Sunday, June 30, 2013

Miracle of the Gulls Baby Cardigan

Finally finished the second version of the baby cardi! Just in time for the baby shower too. The blue one is adorable but my tension was different than the yellow one so is smaller. It might be due to the different yarn, or it could be because I knit them months apart, I am not sure.

But, they are adorable, and I have finished the pattern too.  Even love the little seagulls with the giant crickets chasing them, or the seagulls chasing the crickets, whichever you prefer.

I hope my friend likes the story of The Miracle of the Gulls woven into her baby’s sweater.

If anyone remembers, I mentioned that I wanted to try and make a topsy turvey doll of a seagull and cricket. Well, I did attempt it and am not pleased with the outcome. I am still thinking of working on it to make it better, but am putting it on hold for now. Here are some pictures of my first attempt.

Tuesday, June 18, 2013

Lark Cuff

The cuff I designed is very easy and quick to knit. I really like how it looks. I decided to name it after the town Lark. Here is a little history about Lark that I found out:

When gold was discovered in Bingham Canyon in the Oquirrh Mountains, it brought a rush of prospectors. Two prospectors named Dalton and Lark had two claims where settlements grew up around them. These settlements were named after Dalton and Lark. Later, Dalton merged into Lark and the town of Lark was officially established in 1866.

By 1929, Lark was a company town of the United States Smelting and Refining Company. At its peak, the population was over 800 people in the 1950s. But, with the closing of many of the non-copper mines, the town began to decline. In 1972, Kennecott Copper bought the land announced that they were closing Lark to use it as a land dump from the Bingham Canyon Mine. Kennecott moved the 591 people to other locations and in 1978 Lark was officially dismantled.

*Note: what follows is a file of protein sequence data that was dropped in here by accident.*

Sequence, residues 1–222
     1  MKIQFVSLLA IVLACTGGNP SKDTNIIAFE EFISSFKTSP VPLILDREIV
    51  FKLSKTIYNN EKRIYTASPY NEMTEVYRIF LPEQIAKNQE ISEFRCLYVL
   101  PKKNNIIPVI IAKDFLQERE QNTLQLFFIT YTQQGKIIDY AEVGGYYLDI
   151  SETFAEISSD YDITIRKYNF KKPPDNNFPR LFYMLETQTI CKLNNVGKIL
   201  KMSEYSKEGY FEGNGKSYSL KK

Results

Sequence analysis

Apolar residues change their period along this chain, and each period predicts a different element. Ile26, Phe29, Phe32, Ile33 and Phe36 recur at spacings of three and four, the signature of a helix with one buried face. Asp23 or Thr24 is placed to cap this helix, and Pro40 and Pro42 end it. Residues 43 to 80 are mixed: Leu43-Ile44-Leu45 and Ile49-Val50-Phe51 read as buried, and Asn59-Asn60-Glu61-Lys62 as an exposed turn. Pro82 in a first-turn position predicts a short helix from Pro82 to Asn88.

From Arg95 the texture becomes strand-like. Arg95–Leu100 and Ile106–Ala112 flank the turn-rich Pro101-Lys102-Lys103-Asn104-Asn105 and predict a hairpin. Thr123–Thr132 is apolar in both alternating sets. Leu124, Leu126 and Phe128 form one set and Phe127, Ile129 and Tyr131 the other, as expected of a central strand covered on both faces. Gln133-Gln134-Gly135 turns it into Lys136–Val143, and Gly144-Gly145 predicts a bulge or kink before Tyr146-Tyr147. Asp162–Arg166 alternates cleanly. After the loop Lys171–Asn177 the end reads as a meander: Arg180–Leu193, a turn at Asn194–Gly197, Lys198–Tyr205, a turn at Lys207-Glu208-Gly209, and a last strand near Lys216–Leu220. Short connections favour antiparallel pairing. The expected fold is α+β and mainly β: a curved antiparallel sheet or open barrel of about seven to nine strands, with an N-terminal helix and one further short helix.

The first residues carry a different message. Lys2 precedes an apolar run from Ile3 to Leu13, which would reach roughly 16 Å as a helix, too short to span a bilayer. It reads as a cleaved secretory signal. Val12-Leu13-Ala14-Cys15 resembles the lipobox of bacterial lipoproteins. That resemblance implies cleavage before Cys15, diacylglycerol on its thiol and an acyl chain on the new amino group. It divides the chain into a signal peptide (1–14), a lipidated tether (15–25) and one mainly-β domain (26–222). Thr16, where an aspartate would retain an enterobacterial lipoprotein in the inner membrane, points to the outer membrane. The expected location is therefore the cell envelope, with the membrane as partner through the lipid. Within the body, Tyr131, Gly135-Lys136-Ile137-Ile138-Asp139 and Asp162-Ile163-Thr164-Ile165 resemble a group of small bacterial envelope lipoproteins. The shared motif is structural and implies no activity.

The Lark Cuff has the rough design of the five face-centered cubic crystal of copper and I used copper button clasps to close it. I put the pattern in my pattern page and decided not to charge for it since it is such a quick and easy design.

Monday, June 17, 2013


I actually bought some copper wire and began fiddling with it to see if it could be knitted up. It really can be knitted! I also began looking at copper’s structure for some inspiration for a knitting stitch and have come up with this:

The crystal structure of copper is called the "face centered cubic", or for short, "fcc" structure. 

I think I will try to make a bracelet or cuff out of this stitch and see what I come up with.

Sunday, June 16, 2013

Seen from Space

Local folk lore says that there are only two man-made things that can be seen with the naked eye from space. One is the Great Wall of China, the other is the Bingham (now Kennecott) Copper Mine. Although this is totally a myth (you can see lots of man-made things from low Earth orbit) it speaks to the vastness of the mine and its impact on people living near it.

Jonas Lie, Bingham Mine, 1917, Collection of the UMFA

The Copper mine is a big open pit mine that is a few miles south of the Great Salt Lake. It has been in the news recently because of a huge landslide that has caused the mine to close for a year. It is almost incomprehensible because of the scale of the slide and the mine, like a scar dug deep into the mountain. I know that we all need copper, I am using it right now in my computer, but it is very shocking to see the damage that man can do to the landscape.

I work at an art museum and one of our docents was telling me about her hometown where she grew up. It was named Lark, but it doesn’t exist anymore. The mountain that the town was on doesn’t even exist anymore. The Copper Mine displaced the town and the people who lived there. The mine affects my view of the beautiful mountains, but at least for now it hasn’t consumed my hometown.

The copper mine and its impact has been on my mind lately. I have been thinking about what copper is used for, and how I can use it. I would like to do another structural piece of jewelry like the Halite Necklace and Salt Bracelet I made last year. They were very fun to envision and knit.

So, this recent landslide in Kennecott made me think of copper. What is the structure of copper? Can it be translated into a knitted structure? What about knitting with copper wire? I think I am going to do some experimenting.